Definition Of A Bill Of Exchange: Examples And Procedures
by Shahnawaz Alam Finance 06 July 2023
A bill of exchange is defined as a written order that is primarily used in international trade that binds two parties in a way where one party is under the mandate to pay the other a fixed sum of money on demand or on a pre-decided date.
They are similar to checks or promissory notes, can be drawn by banks or individuals, and are usually transferable through endorsements.
Points To Remember
- A bill of exchange is a written document that ties one party to pay a fixed sum of money to the other party on demand or on a pre-decided date.
- There are three parties that are involved in a bill of exchange-
- Drawee: The party that pays the money.
- Payee: The party that receives the money.
- Drawer: Compels the Drawee to pay the Payee.
- A bill of exchange is mainly used by exporters and importers to fulfill international transactions.
- Although a bill of exchange is not considered a contract, the involved parties may use it to specify the transaction terms like credit terms or rate of accrued interest.
Understanding A Bill Of Exchange
There are three parties that are involved in a bill of exchange transaction.
💴 The Drawee: The party that is bound to pay the fixed sum on demand or on a predetermined date.
💴 The Payee: The party that receives the sum from the Drawee.
💴 The Drawer: This is a third party that compels the Drawee to pay the Payee.
The same entity is considered as the Payee and the Drawer unless the bill of exchange is transferred to a third-party payee by the Drawer.
Although it might seem similar to a check, a bill of exchange is a written document that outlines the indebtedness of a debtor to a creditor. It is mostly put to use in international transactions to pay for goods and services.
A bill of exchange, although not considered to be a contract, can be used to fulfill the terms of a contract. It states the payment that is due on demand or on a specific date. The Drawee must accept a bill of exchange in order to validate it.
A bill of exchange does not pay any interest. They may ensue an interest if not paid by a certain date, in case of which the rate must be specified on the instrument itself.
A bill of exchange must, at all costs, clearly detail the sum of money, the date, and the involved parties, which will include both the Drawer and the Drawee.
In case a bank drafts the bill of exchange, it will then be referred to as a bank draft. The transaction guarantee, in this case, will be taken over by the bank itself.
A bill of exchange can be referred to as a trade draft when it is issued by an individual.
In case of immediate payment or on-demand, the bill of exchange is referred to as a sight draft.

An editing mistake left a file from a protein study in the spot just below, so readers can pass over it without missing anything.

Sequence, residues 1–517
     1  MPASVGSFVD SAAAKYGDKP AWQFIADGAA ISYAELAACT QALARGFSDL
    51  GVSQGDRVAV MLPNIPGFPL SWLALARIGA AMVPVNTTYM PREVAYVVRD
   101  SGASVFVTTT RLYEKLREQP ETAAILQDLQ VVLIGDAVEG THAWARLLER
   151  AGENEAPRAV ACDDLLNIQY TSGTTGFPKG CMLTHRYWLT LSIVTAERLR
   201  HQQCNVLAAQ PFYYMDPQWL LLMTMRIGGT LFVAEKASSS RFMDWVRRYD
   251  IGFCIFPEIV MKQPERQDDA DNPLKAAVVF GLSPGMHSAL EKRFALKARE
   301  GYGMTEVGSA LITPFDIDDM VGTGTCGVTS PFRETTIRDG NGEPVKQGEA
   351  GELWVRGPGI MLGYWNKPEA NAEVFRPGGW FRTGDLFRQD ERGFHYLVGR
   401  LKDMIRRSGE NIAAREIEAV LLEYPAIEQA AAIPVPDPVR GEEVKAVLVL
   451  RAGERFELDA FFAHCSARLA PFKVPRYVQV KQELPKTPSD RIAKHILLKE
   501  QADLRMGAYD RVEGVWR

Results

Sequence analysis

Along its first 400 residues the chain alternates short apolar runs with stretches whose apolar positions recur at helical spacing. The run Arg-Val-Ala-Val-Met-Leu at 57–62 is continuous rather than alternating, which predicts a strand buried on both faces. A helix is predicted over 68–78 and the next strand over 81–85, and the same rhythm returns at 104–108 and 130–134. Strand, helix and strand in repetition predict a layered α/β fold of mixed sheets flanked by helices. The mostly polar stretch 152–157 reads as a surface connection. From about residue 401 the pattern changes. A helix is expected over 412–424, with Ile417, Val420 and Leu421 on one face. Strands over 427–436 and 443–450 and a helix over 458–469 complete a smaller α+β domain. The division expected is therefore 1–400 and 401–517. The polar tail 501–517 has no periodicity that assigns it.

When the date of payment is set in the future, the bill of exchange is then known as a time draft. A time gives a short amount of time for the importer to pay the exporter for the goods received.
Example Of Bill Of Exchange
Company ABC purchases technical parts from Company XYZ for $50,000. Company XYZ issues a bill of exchange for Company ABC against the purchase. The bill of exchange specifies that Company ABC will pay Company XYZ $50,000 in 90 days for the technical parts that it purchased.
Company ABC: Drawee
Company XYZ: Payee and Drawer
Within 90 days, Company XYZ will present the bill of exchange to Company ABC for the payment against the purchase. The bill of exchange is an acknowledgment crafted by Company XYZ, who is also, in this case, the creditor that shows the indebtedness of Company ABC, the debtor.
What Are The Different Types Of Bills Of Exchange?
When issued by a bank, a bill of exchange is known as a bank draft. The bank that issues the bill takes guarantee of the transaction of the same.
When issued by an individual, it is referred to as a trade draft. In comparison, a bill of exchange is known as a sight draft if the transaction is to be done immediately or on demand. A sight draft allows exporters to hold the title against exported goods until the importer takes delivery and pays for them in case of international transactions.
Although, a bill of exchange is called a time draft when the sum is to be paid by a set date in the future. This gives the importer a short amount of time to pay for the products purchased from the exporter.
Parties Of A Bill Of Exchange
As mentioned before, there are mainly three parties that are involved in a bill of exchange.
Firstly there is the Drawee, the party that pays the amount specified in the bill of exchange.
Then there is the Payee, which is the party that receives the amount paid by the Drawee.
Lastly, there is the Drawer, the party that compels the Drawee to pay the Payee.
In most cases, the Payee and the Drawer are the same parties unless the Drawer issues the bill of exchange with the name of a third-party payee.
Difference Between A Bill Of Exchange And A Check
While a check always includes a bank, a bill of exchange can be issued by any individual, along with a bank in some cases.
Checks are payable on demand, but a bill of exchange can be payable on demand or on a specified date that is mentioned in the bill itself.
Bills of exchange are not subjected to a rate of interest which makes them, in essence, post-dated checks. Although they might bring in some interest if not paid on time, that happens only if the amount is specified on the bill of exchange itself.
Unlike checks, a bill of exchange is a written document that outlines the indebtedness of a debtor to a creditor.
A bill of exchange is an important instrument in any business. They serve a purpose by outlining the indebtedness of debtors to their creditors and have a fine line of difference from a regular bank check. A bill of exchange can only be called valuable when the Drawee accepts the bill issued by the Drawer.